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Independent presidential candidate Robert F. Kennedy Jr. speaks during a campaign event to announce his pick for a running mate at the Henry J. Kaiser Event Center in Oakland, Calif. on March 26.JOSH EDELSON/Getty Images

It’s too bad that during independent candidate Robert F. Kennedy Jr.’s naming of his vice-presidential running mate that no one confronted him about what he said about third party candidates during the 2000 election.

That was the year RFK Jr. was all over the media giving warnings to Green Party candidate Ralph Nader about the danger inherent in such a candidacy. “Ralph Nader is my friend,” he told CNN, “but his candidacy, I think, poses a huge threat to the environment in this country, and the reason for that, of course, is he could drain off votes in certain key states that would otherwise go to Al Gore.” And, he added, this could result in the election of George W. Bush.

That, of course, is what happened. Florida decided the race, and the consumer advocate Mr. Nader took away enough votes from the Democrat, Mr. Gore, to prevent him from winning that state and becoming president. Instead the world got Mr. Bush and Dick Cheney. Because of one man’s ego, history dramatically changed.

Now we’re looking at the possibility of a repeat as RFK Jr. does exactly what he told Mr. Nader not to do. It’s hypocrisy on stilts.

Polling indicates that support for the black sheep of the Kennedy family is stronger than for any third party or independent candidate since Ross Perot in 1992. It looks like a tight race and even if he takes just a point or two away from the Biden column, it could be enough to hand the Oval Office back to Mr. Trump.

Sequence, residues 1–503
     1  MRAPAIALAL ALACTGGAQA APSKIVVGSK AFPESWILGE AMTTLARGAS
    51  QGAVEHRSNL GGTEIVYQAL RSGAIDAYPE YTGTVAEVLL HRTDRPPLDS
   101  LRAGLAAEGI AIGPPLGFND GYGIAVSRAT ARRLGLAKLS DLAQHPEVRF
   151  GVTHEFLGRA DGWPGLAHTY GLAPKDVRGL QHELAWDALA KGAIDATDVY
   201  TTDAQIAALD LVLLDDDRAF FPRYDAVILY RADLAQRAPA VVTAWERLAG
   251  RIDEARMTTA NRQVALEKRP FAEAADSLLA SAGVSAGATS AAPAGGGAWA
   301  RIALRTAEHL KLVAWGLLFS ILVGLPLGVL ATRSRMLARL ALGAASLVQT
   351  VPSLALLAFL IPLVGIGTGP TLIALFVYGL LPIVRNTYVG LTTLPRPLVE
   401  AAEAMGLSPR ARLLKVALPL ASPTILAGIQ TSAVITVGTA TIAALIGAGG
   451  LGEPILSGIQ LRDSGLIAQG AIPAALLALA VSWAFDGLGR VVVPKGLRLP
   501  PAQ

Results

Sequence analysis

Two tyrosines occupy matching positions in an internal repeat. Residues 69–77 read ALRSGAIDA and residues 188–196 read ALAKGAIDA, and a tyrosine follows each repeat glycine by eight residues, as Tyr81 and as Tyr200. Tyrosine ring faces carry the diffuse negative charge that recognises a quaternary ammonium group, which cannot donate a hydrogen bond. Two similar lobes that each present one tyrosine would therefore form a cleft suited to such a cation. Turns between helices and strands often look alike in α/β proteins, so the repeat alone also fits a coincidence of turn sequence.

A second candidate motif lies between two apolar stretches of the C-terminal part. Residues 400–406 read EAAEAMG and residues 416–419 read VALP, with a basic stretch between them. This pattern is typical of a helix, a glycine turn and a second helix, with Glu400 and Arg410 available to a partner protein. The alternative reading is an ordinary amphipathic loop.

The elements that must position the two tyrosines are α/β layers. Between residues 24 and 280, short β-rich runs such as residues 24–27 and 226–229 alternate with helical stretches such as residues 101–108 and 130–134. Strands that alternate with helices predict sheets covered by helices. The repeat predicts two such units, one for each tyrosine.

Ralph Nader doesn’t think so. On the line from Washington, he recalled the admonition and chuckled about it. No, he is not going to tell Mr. Kennedy to back off from his independent bid, he said, because he doesn’t think it will hurt Mr. Biden.

What’s attracting attention is Mr. Kennedy’s anti-vaccine stance and strong pro-Israel positions as opposed to his anti-corporation proposals, and he will therefore get possibly more Trump votes.

But don’t tell that to Democrats. They were in near-panic mode as Mr. Kennedy, 70, announced Tuesday that his running mate would be 38-year-old Nicole Shanahan, a wealthy tech entrepreneur from California.

In a media call the same day by the Democratic National Committee, several party members lined up against Mr. Kennedy. Congressman Robert Garcia led the charge, calling him “a tin foil hat conspiracy theorist.”

The Biden campaign is so worried about Mr. Kennedy that they have a team of staffers and consultants devoted exclusively to condemning him. They see him as a stalking horse for Mr. Trump, citing as an example the fact that mega-donor businessman Tim Mellon has given $15-million to Mr. Trump’s campaign but more than that, $20-million, to the Kennedy campaign.

The entire Kennedy clan opposes RFK Jr.’s bid. No less than 50 family members showed up for a photo with President Joe Biden on St. Patrick’s Day. But it doesn’t stop Mr. Kennedy from trying to trade off the legendary family name.

It’s not just that he’s challenging an incumbent Democratic President. Nothing new there. Bobby Kennedy did that against Lyndon Johnson in 1968. Teddy Kennedy did that against Jimmy Carter in 1980. But, as Mr. Garcia calls its, there’s the tinfoil hat stuff. RFK Jr. believes chemicals in water could be making children gay or transgender. On mass shootings, he says don’t blame guns so much – it’s antidepressants such as Prozac marketed by the pharmaceutical industry that are responsible. He’s waged a crusade against vaccines. He thinks it was a second gunman who assassinated his father Bobby in 1968.

Because of his rash of conspiratorial ideas, the Trump campaign was initially concerned he might take more support away from Republicans than Democrats. But they are now convinced he’ll help them.

Mr. Kennedy faces the tough challenge of getting on state ballots. He needs money for that and Ms. Shanahan, who was previously married to Google co-founder Sergey Brin, will lend a helping hand. She bankrolled a Super Bowl ad for him, contributing $4-million.

The country is so unenthused about a rematch between Mr. Biden and Mr. Trump that there is room for Mr. Kennedy to grow his support.

Mr. Nader noted that support for third party candidates always narrows as election day nears. Indeed, in the 2000 campaign, his support shrunk to just 2.74 per cent of the vote. But that was all it took for Al Gore to lose.

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